Georges St. Pierre has a violent side, refuses to retire until he's the best evah

Photo of Georges St. Pierre via

UFC Welterweight Champion Georges St. Pierre is perhaps the best mixed martial artists in the world today. "Rush" is currently riding a nine-fight win streak with six title defenses and is arguably one of the top two pound-for-pound fighters in the sport alongside his middleweight counterpart, Anderson Silva.

With a record of 22 wins with 2 losses -- both of which he later avenged -- St. Pierre has dominated the UFC's 170-pound division for the last six years and is considered by many to be the wholesome face of the promotion.

However, if you ask the man himself, he feels that he is not yet the best. But, when the day comes that he realizes that he is the best in the sport of mixed martial arts (MMA), it will be time to walk away.

Speaking to, the Canadian sensation talked about his future goals, finishing fights and having a violent side.

Check it out:

"I want to retire being the best pound-for-pound fighter that ever lived. It's very hard to say how to judge it, but when I think myself that I'm the best it will be the time to do something else in my life."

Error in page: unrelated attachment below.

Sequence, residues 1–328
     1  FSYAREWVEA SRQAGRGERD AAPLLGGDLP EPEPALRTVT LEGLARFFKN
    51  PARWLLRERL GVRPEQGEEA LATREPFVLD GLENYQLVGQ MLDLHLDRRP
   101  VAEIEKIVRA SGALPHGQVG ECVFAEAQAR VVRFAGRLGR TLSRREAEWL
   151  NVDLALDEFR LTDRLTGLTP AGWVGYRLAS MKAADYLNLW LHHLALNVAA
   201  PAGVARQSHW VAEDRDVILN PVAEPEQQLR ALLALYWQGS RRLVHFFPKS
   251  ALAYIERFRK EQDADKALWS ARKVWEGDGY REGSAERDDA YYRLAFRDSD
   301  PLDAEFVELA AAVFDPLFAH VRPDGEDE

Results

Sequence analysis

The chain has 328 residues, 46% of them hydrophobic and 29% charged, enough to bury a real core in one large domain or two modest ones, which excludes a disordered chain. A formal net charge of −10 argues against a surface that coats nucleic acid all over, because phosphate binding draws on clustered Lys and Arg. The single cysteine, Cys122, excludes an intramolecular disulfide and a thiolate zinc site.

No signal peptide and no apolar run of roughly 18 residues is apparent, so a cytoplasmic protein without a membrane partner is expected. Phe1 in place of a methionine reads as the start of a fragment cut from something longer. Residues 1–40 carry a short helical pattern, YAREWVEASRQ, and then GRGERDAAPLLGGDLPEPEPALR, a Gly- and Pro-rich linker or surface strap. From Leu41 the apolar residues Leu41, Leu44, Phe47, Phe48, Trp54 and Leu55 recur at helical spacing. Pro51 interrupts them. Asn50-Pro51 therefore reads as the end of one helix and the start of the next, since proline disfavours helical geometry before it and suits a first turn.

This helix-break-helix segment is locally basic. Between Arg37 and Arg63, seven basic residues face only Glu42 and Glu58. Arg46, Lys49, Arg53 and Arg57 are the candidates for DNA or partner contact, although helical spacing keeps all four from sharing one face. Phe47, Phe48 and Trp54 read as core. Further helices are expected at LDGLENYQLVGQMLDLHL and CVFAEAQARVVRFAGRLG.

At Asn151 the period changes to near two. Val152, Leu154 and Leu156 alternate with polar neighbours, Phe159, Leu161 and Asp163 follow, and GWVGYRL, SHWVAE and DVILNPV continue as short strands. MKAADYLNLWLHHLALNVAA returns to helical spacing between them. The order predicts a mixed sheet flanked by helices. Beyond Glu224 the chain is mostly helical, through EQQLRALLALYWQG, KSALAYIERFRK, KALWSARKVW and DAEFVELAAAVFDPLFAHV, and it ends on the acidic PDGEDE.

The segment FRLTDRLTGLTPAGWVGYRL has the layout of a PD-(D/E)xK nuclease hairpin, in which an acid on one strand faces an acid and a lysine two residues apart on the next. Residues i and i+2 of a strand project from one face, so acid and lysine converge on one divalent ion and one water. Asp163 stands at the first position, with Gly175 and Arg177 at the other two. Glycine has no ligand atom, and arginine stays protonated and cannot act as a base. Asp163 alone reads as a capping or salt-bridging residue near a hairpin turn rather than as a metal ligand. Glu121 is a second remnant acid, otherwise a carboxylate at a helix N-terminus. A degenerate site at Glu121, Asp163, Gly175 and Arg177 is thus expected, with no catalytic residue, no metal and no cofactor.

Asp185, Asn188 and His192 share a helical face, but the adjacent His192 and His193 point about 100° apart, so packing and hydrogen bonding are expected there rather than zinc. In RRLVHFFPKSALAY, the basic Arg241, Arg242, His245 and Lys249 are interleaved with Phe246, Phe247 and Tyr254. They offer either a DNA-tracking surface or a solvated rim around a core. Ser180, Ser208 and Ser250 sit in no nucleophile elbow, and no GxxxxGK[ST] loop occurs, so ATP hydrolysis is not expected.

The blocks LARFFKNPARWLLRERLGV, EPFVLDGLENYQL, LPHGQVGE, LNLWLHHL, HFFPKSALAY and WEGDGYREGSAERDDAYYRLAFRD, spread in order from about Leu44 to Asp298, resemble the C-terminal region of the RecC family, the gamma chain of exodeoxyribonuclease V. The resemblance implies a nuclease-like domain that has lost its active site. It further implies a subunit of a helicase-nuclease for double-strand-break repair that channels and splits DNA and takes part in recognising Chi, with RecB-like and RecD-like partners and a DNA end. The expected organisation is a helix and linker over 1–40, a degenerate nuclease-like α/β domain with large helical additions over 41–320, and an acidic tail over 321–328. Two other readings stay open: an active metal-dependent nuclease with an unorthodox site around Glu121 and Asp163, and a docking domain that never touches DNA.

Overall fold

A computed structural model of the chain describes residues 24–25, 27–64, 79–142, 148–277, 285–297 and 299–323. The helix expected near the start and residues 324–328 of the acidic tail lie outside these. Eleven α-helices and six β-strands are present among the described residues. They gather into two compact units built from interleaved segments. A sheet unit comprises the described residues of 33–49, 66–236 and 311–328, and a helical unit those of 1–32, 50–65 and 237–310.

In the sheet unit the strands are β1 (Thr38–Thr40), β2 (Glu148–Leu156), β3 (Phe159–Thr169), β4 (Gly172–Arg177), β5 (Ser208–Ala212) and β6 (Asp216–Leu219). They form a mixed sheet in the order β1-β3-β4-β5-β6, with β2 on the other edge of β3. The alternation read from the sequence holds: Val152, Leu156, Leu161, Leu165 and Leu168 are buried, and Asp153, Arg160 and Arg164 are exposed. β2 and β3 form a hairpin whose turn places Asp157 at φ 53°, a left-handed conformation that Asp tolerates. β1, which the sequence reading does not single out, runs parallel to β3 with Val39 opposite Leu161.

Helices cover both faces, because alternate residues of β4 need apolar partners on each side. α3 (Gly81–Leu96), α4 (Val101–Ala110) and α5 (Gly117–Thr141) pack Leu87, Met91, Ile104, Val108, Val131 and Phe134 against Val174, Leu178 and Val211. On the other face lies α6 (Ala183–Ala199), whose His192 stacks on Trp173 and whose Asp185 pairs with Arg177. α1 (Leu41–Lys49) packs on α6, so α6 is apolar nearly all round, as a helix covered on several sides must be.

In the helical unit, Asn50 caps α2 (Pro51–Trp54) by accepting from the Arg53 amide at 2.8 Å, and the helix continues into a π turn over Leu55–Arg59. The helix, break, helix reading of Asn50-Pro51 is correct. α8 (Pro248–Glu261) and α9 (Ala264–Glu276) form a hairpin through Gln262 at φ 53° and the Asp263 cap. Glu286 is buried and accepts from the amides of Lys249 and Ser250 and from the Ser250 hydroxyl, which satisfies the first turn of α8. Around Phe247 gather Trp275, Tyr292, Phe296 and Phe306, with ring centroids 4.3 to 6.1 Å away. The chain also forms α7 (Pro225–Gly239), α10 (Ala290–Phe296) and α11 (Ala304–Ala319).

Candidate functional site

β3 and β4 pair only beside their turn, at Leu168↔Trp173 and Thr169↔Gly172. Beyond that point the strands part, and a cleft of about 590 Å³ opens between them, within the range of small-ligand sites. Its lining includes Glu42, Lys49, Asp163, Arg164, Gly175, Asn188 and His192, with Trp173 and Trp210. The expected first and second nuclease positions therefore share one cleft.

"Rush" also went on to say, like many athletes, media and public relation duties is his least favorite part of his job.

"I'm not going to lie, it's probably the part of my job I dislike the most, but I know it's important. Hopefully the (Fox) deal will take the sport to a new level, it will also bring a bigger range of audience, more sponsors, more visibility, more money -- increase the caliber of the sport."

The often soft-spoken champ also touched on the necessity of having a violent side and his criticism for not finishing fights.

"Everyone has a violent side; my job is to win, and in order to win most of the time I need to injure my opponent. It's a violent sport but in real life I'm not a violent guy. I'm an athlete in a full contact sport so it requires violence to win. I've had a lot of criticism about not finishing fights, but if there's anyone who wants to finish fights it's me. It's hard to stay champion and in the welterweight division today's number one can so easily become tomorrow's number two.

The UFC welterweight champion has often been on the receiving end of harsh criticism and accused of coasting through fights and playing it safe. His last four title defenses have gone the distance, with his last stoppage win coming at UFC 94 against "The Prodigy" B.J. Penn after the Hawaiian's corner threw in the towel.

"Rush" will try to add to his legacy by defeating former Strikeforce welterweight champion Nick Diaz at UFC 143 on Feb. 4, 2012 in Las Vegas; a fight many consider to be one of the most anticipated of all time.

A win over the Stockton slugger will definitely be a step in the right direction in St. Pierre's quest to be known as the best of all time.

What, or who, else is left?

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